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Hens crammed into battery cages. If there’s one stock image that animal welfare agencies have battered into our brains to convince us that conventional animal farming is bad, that’s the one. A bunch of featherless birds sticking their necks through wire netting, clambering over one another in their rows upon rows of cages stacked higher than you can reach.
That image might not hold true for hens in the US forever, based on a rather surprising – shocking, even – turn of events. The egg industry and animal welfare activists, longtime foes, have come together to agree on a new way to raise hens. (Democrats and Republicans, take note.) The United Egg Producers, an industry association representing over eighty percent of US egg production, and the Humane Society of the US have agreed to replace battery cages with bigger cages designed not only to give the hens more room, but to “enrich” (that’s the technical term) their lives with amenities like perches and nest boxes.
Even more extraordinarily, these two groups are trying to get their agreement set in stone as federal law. In a bill before Congress which had been part of the 2012 Farm Bill until it got axed yesterday, the Egg Products Inspection Act Amendments mandate that all egg producers – not just the majority represented by the United Egg Producers – follow the new guidelines. Although the egg bill can no longer ride on the coat-tails of the Farm Bill, I’m guessing it’ll be reintroduced in some other form presently.
The twists and turns don’t stop there. The National Pork Producers Council, of all things (another industry association) has gotten into the fray by coming out publicly against the egg bill. Why would a bunch of pig farmers care about how hens are raised, you might ask? Turns out they don’t like the precedent it sets. Per the pork guys, this legislation marks the first time the federal government would get involved in setting production standards for farming. Given the current brouhaha over sow gestation crates, I guess they have reason to be worried.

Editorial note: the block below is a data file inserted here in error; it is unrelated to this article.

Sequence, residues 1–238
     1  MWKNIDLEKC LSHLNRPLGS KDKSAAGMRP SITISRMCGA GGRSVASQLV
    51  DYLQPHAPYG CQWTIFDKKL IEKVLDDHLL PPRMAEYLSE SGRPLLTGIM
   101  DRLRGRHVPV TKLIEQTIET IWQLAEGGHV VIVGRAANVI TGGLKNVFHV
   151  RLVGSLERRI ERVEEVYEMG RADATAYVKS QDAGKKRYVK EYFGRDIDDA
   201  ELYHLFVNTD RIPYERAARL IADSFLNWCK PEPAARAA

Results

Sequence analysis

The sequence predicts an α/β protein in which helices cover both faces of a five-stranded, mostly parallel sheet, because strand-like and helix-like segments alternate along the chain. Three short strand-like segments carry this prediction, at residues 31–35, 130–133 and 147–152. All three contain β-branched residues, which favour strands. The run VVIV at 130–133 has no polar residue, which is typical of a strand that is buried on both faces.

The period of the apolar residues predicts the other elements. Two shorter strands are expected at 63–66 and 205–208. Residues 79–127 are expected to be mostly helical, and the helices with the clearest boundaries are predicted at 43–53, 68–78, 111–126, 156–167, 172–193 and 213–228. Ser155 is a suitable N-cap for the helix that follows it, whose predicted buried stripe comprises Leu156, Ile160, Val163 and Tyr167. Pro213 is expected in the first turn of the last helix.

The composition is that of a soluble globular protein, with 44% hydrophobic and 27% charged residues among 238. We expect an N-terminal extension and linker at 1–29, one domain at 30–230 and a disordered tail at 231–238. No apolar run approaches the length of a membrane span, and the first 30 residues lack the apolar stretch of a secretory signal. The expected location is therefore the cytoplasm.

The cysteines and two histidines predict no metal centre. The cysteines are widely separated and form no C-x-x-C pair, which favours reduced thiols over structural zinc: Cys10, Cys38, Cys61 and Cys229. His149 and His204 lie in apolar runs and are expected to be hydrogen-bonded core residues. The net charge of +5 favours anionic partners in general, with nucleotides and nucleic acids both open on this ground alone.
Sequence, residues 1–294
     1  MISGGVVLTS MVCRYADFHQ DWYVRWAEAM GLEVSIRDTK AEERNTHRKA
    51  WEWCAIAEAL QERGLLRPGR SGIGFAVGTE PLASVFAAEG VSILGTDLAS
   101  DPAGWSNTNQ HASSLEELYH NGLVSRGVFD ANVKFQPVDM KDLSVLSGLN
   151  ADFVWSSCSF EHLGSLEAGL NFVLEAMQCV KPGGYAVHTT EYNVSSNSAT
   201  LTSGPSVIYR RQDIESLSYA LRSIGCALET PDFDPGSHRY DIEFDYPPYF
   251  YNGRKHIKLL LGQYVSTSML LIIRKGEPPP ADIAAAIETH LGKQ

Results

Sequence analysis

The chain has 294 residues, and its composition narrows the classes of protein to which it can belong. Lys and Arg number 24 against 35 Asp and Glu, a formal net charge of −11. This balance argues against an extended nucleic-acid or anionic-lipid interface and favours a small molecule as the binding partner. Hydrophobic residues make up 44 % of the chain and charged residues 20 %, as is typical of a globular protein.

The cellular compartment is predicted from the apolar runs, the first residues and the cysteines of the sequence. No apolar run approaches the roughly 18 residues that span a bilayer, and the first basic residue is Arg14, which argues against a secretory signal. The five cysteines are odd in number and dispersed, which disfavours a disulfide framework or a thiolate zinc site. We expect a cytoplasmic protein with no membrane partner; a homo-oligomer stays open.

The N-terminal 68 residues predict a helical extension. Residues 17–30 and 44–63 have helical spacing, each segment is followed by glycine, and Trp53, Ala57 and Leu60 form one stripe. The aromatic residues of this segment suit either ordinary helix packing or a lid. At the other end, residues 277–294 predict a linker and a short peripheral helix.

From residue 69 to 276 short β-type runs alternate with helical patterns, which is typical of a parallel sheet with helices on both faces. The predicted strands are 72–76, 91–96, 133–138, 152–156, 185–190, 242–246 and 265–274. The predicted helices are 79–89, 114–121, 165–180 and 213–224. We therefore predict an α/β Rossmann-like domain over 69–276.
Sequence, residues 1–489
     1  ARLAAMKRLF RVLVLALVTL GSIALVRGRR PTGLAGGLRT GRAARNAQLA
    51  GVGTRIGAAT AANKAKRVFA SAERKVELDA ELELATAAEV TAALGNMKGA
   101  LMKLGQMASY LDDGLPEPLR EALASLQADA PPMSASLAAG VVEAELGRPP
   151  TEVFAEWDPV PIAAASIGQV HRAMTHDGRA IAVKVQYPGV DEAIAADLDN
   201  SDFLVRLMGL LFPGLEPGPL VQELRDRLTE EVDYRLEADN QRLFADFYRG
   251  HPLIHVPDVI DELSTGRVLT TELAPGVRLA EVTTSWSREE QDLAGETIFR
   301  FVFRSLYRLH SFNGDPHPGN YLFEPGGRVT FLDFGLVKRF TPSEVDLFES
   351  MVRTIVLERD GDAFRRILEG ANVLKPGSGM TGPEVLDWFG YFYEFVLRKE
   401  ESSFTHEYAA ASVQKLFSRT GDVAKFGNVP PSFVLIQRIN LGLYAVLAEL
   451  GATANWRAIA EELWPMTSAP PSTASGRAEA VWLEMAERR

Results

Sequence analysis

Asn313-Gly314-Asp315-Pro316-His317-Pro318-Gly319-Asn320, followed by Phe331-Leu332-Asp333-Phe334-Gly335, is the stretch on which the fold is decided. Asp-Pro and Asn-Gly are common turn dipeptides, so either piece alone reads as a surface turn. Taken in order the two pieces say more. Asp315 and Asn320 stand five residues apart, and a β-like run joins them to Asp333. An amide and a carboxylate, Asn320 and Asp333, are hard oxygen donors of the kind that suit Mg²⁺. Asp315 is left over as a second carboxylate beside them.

I think the pork guys are being a little dramatic when they say the egg bill sets a historic precedent for meddling in farmers’ lives. Federal organic standards, after all, require that dairy farmers pasture their cows for a minimum number of days per year. When I first heard about the egg bill, my reaction was to say to myself “About time.”
Upon reflection, though, perhaps the pig farmers have a point. It does seem a bit odd for the US government to take a stand on how many inches of space a hen should have. The vast majority of congresspeople can’t possible have a clue how much space hens need; what they’re supposed to be experts on is how to run a country, not how to run a farm. Would a better solution be to legalize the principle that food animals must be raised humanely and let the courts work out the inevitable battles about how to make that a reality? What do you think?
Book review: Righteous Porkchop June 11, 2012Posted by Angelique in Book reviews.
Tags: agriculture, animal ag, animal rights, Animal welfare, book review, Food ethics
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In Righteous Porkchop: Finding a Life and Good Food Beyond Factory Farms, Nicollette Hahn Niman layers an amusing memoir of her journey from New York lawyer to California rancher over an investigative journalism-style exposé of conventional animal farming. Hahn Niman does a pretty good job of interweaving these two projects, so we wind up doing what I suspected she was hoping for in writing this book: absorbing the important but often dry facts about the modern livestock industry without dying of boredom.